When the National Government established projects pursuant to Presidential Decree No. 6-A, three (3) prototype technician institutes in the Philippines were established funded under Credit Agreement 349 PH with the World Bank, namely: Manila Technician Institute (MTI) at Taguig, Metro Manila (1977); Visayan Technician Institute (VTI) at Talisay, Negros Occidental (1977) and Iligan Institute of Technology (IIT) at Iligan City, and ten (10) Regional Manpower Training Centers of the National Manpower and Youth Council (NMYC now TESDA) in various parts of the country. With the urgent need to integrate all programs and activities of the said state-supported institutions and in the advent of the conversion of PCAT to TUP to provide leadership in the education and manpower potential in vocational, technical, industrial, technological and professional skills through technological program of education, Former President Ferdinand E. Marcos issued Letter of Implementation (LOI) No. 79 on December 28, 1978 establishing a National Polytechnic System on Technical/Technician Education through the integration of all state-supported institutions in the Philippines. LOI 79 provides that the National Polytechnic System shall be organized and established with the Technological University of the Philippines (TUP) as the apex of the system, and the three (3) prototype technician institutes, the ten (10) Regional Manpower Training Centers, as well as all other state-supported institutions engaged in similar program as component of the system. The MTI and VTI shall be maintained and operated under the administration and supervision of TUP; provided, however, that with respect to IIT, which shall be administratively under the Mindanao State University, TUP shall only exercise functional supervision over its technical/technician programs for purposes of coordination and effective operation of the system. This arrangement, however, with respect to IIT did not materialize due to its full integration to the MSU System. But in the case of MTI and VTI, their lands, buildings, facilities, equipment, appropriations and qualified personnel were effectively transferred to TUP. And in 1985, the TUP Board of Regents officially renamed MTI and VTI as TUP Taguig and TUP Visayas, respectively.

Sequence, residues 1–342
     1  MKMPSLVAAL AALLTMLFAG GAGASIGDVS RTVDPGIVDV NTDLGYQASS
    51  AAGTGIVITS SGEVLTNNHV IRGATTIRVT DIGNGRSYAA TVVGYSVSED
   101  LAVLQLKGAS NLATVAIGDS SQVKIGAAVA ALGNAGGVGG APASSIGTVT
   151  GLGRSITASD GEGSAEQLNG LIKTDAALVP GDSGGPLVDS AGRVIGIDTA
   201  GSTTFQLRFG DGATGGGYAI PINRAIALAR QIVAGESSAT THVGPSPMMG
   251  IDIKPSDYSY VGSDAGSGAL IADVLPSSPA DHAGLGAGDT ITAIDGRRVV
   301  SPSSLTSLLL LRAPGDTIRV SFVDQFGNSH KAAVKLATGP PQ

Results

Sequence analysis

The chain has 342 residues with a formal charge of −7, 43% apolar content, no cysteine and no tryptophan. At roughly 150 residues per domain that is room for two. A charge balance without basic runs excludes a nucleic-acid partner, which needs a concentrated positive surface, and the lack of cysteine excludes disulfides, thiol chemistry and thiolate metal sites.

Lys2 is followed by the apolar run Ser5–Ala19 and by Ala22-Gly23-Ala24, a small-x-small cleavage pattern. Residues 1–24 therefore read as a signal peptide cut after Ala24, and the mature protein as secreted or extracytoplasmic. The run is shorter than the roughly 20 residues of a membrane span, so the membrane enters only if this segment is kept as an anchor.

In 1981, the University expanded further when the Board of Regents established the TUP Cavite Campus in Barangay Salitran IV, Dasmarinas City, Cavite and operational since 1982 to present. This Campus was opened to cater to the needs for technology education of the people in the CALABARZON area.


Ronald P. Gleason was the first principal (1901-1904) of the trade school; J.J. Eaton was the first superintendent (1905-1906); and Gregorio J. Sevilla was the first Filipino Superintendent (1936-1939). Prof. Jose S. Roldan became the first president of PCAT (1959-1961) and Prof. Apolinario G. Apilado succeeded him as the second president (1962-1967). Dr. Jose R. Vergara was the third president of PCAT and the first president of TUP (1968-1988). He was succeeded by Dr. Frederick So. Pada, the second TUP president (1988-2000). Dr. Bernardo F. Adiviso served as third president (Aug. 1-16, 2000) followed by Dr. Fedeserio C. Camarao who became the fourth and centennial president (March 28,2001-March 27, 2005). Dr. Godofredo E. Gallega served as the fifth president (October 10, 2005-October 9, 2009); Dr. Olympio V. Caparas is the sixth president (October 16, 2009 to April 2014); Dr. Adora S. Pili seventh and first woman president; Dr. Jesus Rodrigo F. Torres is the eighth president; and Dr. Reynaldo P. Ramos ninth TUP president.

With more than a hundred years of existence since its establishment as MTS, TUP has indeed transformed its "trade school" image into a dynamic premier state university in the fields of industrial, technological and engineering education. Its mark of excellence is not only known locally but also internationally.